From personalised nutrition to sustainable proteins, sugar-replacers to sustainability… health and nutrition has a positive future
As 2015 draws to a close, issues surrounding food, health and nutrition have hardly been out of the headlines. Tackling obesity and diabetes remains a top priority for governments across the globe – while the impact of sugar on diet-related disease and dental health has prompted calls for a tax on sugar.
At the same time, nutrition experts argue that we need to take a whole-diet approach to improve nutrition and reduce the risk of disease – rather than focusing on a single nutrient, such as fat or sugar.
Alongside this global call to action to improve national diets, the health and wellbeing trend continues to
thrive – driven by a number of issues including the rising number of health-conscious consumers, an ageing population and an increased recognition of the importance of sustainable diets.
During the past few months, some of our expert contributors have reported on some of the key trends shaping the future nutrition landscape. Among these are the continued innovation towards sustainable forms of protein – from insects, meat replacers to fruit and vegetable based proteins; an increased interest in personalised nutrition; an exploration of the impact Vitamin E has on an ageing brain and management of Alzheimer Disease; and new R&D advancing satiety solutions.
Other experts have spotted market opportunities. Julie Meyer, founding partner of Eat Well Global, says too few ingredients’ suppliers are explaining why and how their products work directly to the consumer. She believes these companies are missing a competitive opportunity by not broadening their communication channels, and promoting the health credentials of their ingredients to the end-user via collaborative networks with clients and partners as well as via social media.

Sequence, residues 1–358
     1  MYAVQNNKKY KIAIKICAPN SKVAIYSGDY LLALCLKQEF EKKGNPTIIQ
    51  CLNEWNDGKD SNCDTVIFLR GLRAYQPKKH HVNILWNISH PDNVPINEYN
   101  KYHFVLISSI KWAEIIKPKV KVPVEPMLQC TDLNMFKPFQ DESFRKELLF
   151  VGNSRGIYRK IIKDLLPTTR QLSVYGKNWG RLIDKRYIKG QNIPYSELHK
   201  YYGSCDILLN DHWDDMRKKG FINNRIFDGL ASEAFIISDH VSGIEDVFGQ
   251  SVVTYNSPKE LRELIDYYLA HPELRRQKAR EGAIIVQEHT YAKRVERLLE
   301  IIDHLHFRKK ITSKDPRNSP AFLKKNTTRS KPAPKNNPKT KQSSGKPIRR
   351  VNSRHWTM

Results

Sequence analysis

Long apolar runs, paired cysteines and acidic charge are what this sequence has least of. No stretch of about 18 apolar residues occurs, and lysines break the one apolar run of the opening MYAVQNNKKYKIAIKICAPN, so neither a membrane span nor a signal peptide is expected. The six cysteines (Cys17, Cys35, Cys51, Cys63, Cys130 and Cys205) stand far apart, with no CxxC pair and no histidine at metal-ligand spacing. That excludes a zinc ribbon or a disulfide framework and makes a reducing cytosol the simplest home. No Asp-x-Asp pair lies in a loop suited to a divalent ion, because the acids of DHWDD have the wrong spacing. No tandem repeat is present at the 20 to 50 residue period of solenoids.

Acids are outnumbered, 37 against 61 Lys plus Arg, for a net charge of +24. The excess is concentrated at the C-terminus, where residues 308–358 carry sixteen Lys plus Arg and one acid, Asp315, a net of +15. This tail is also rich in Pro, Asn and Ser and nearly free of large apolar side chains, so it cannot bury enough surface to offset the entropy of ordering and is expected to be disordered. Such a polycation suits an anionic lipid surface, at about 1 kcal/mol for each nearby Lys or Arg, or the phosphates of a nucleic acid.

Jeff Hilton, partner and co-founder of BrandHive, a leading healthy lifestyle-branding agency in the US, points to the continued need to market effectively to the millennial generation. This single largest global demographic segment are out to change the world and they look at health differently – focusing more on living life in the moment and maintaining good health to run as fast and hard as possible. They are very comfortable mixing supplements, pharmaceutical drugs, functional drinks and over-the counter medicines to meet their individual daily health and performance needs, he says.
The millennials also featured in a recent twitter debate that we hosted on the subject of innovation in food and drink. Industry commentators agreed that this demographic presents signi cant opportunity for innovation in healthy food, drink and supplements – driven by their different relationship with brands, wider world-view and broader tastes.
Meanwhile, the concept of healthy ageing seems to be changing. US-based Natural Marketing Institute (NMI) research found that it is no longer limited to the physical health of older people. Instead, agelessness has become a cultural preoccupation, with all generations making tangible, measured changes to their everyday lives to ensure their health extends beyond their physical wellbeing to include financial, social, technological and emotional matters too.
On the subject of personalised nutrition, Professor Seven Schwartz, Director of The Center for Advanced Functional Foods Research and Entrepreneurship, at the Ohio State University, sees a bright future for functional foods as a preventative mechanism against disease. He predicts that these products will soon be stocked by major retailers, and eventually may even be prescribed by doctors to help prevent, or even treat, specific diseases.
It is the complexity of these issues and many more that makes Food Matters Live 2015, the UK’s first cross-sector event for those working in food, health and nutrition, so relevant.
Food Matters Live returns to London’s ExCeL on 17 – 19 November and will bring together colleagues at the forefront of food retail and supply, nutrition, research, manufacturing, healthcare, science and academia to tackle a raft of important issues shaping the future of health and wellbeing.
We look forward to seeing you there.